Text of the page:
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The role of a pharmacist in a hospice: a nationwide survey among hospice directors, pharmacists and physicians
  1. Iga Pawłowska1,
  2. Leszek Pawłowski2,
  3. Monika Lichodziejewska-Niemierko2
  1. 1Chair and Department of Pharmacology, Medical University of Gdańsk, Gdańsk, Poland
  2. 2Department of Palliative Medicine, Medical University of Gdańsk, Gdańsk, Poland
  1. Correspondence to Dr Iga Pawłowska, Chair and Department of Pharmacology, Medical University of Gdańsk, Dębowa Str. 23, Gdańsk 80-204, Poland; iga112{at}gumed.edu.pl,

Abstract

Background Palliative care requires the collaborative efforts of an interdisciplinary team, and as such a range of health professionals should be involved in supporting patients with life-threatening diseases. As a part of this therapeutic network, pharmacists at residential hospices should be thoroughly involved in care, cooperate with other medical staff and perform pharmaceutical services in order to deliver safe and efficient pharmacotherapy.

Aim To provide an overview of the current state of pharmacy practice at Polish residential hospices.

Methods A cross-sectional study was applied and three types of anonymous questionnaires were developed to collect data. Hospice directors, pharmacists and physicians from all residential hospices in Poland were invited to participate.

Results 19 (61%) hospices collaborate with at least one pharmacist, who performs pharmaceutical services on the premises. 12 (75%) pharmacists provide advice concerning medicines and 11 (69%) are involved in various roles related to procurement, dispensing and storage of drugs, as well as creating procedures for these activities. Despite pharmacists’ great level of involvement in drug policy, most of them are not members of the therapeutic team and they do not participate in ward rounds. Furthermore, the provision of clinical pharmaceutical services forms a minority of Polish hospital pharmacy practice.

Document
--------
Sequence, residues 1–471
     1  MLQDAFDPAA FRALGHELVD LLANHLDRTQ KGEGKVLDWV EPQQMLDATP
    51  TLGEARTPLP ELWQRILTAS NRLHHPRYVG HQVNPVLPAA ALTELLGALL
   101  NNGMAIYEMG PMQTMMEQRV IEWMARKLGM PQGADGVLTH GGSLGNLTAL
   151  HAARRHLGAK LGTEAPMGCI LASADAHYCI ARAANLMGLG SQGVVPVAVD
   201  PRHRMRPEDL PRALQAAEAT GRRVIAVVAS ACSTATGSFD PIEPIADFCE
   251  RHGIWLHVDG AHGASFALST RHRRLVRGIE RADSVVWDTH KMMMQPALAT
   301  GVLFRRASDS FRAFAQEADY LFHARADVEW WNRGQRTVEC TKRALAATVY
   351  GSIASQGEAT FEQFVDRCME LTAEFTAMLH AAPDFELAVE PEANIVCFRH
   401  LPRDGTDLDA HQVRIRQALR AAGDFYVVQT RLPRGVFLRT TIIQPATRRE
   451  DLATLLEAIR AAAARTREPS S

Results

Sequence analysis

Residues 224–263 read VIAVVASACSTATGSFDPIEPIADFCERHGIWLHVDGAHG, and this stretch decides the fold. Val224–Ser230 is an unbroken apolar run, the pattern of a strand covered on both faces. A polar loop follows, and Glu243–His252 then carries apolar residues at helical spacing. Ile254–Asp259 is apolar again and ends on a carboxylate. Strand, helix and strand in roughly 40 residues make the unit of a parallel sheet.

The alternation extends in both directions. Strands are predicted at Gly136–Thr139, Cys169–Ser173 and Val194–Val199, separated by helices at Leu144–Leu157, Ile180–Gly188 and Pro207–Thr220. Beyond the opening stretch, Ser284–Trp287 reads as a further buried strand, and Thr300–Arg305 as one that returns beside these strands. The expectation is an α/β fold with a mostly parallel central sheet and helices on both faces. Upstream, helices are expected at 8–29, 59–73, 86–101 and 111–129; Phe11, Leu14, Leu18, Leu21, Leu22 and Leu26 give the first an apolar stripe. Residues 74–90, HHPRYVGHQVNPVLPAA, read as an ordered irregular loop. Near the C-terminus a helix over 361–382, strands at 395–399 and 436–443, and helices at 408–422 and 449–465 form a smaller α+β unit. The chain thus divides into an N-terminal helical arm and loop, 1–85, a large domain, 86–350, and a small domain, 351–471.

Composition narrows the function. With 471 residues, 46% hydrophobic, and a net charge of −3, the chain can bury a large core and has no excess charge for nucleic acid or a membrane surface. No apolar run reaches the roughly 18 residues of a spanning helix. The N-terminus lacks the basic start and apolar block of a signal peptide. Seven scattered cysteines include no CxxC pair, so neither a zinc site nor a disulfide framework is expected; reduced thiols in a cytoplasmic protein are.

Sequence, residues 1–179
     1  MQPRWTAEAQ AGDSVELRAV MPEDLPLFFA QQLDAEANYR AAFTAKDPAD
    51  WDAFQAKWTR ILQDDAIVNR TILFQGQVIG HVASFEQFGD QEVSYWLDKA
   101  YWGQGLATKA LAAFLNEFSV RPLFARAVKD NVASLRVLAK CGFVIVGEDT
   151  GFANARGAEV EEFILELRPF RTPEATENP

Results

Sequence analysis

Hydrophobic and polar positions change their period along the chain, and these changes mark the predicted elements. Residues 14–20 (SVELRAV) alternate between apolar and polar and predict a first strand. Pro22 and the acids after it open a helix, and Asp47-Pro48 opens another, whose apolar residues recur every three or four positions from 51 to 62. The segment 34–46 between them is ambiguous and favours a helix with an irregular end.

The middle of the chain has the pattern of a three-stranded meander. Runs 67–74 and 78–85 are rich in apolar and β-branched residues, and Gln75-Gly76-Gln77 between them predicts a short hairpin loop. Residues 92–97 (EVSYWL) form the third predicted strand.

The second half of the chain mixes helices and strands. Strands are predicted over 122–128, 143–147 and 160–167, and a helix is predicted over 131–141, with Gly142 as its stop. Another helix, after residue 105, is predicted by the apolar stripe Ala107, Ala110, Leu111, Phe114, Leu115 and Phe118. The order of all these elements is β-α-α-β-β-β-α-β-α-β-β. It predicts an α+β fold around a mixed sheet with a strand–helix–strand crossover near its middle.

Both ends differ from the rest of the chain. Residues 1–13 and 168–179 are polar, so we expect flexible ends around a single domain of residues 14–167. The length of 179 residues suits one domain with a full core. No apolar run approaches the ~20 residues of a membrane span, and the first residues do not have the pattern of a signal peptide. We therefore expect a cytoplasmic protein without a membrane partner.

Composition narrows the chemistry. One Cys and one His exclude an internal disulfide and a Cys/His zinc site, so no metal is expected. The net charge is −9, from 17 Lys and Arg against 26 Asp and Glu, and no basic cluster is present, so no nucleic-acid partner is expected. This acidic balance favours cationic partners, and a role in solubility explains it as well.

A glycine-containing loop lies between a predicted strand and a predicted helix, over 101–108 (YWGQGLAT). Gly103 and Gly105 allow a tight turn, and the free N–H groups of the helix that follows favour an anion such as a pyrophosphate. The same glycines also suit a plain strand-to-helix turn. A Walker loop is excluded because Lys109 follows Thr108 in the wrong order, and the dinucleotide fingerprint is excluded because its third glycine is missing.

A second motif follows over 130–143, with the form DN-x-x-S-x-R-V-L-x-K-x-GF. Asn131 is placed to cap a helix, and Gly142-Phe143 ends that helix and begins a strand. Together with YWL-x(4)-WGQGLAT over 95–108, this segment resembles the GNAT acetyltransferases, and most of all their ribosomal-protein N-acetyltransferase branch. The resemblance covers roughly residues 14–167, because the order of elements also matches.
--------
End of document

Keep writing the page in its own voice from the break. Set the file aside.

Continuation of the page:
Conclusions Although the role of a hospice-based pharmacist is focused on the provision of drugs, it should become more clinical, that is, more patient oriented. The data obtained should be used as a source of information for implementing potential changes to palliative care pharmacy.

  • CLINICAL PHARMACOLOGY
  • DRUG PROCUREMENT
  • DRUG STORAGE AND DISTRIBUTION
  • PHARMACY MANAGEMENT (PERSONNEL)

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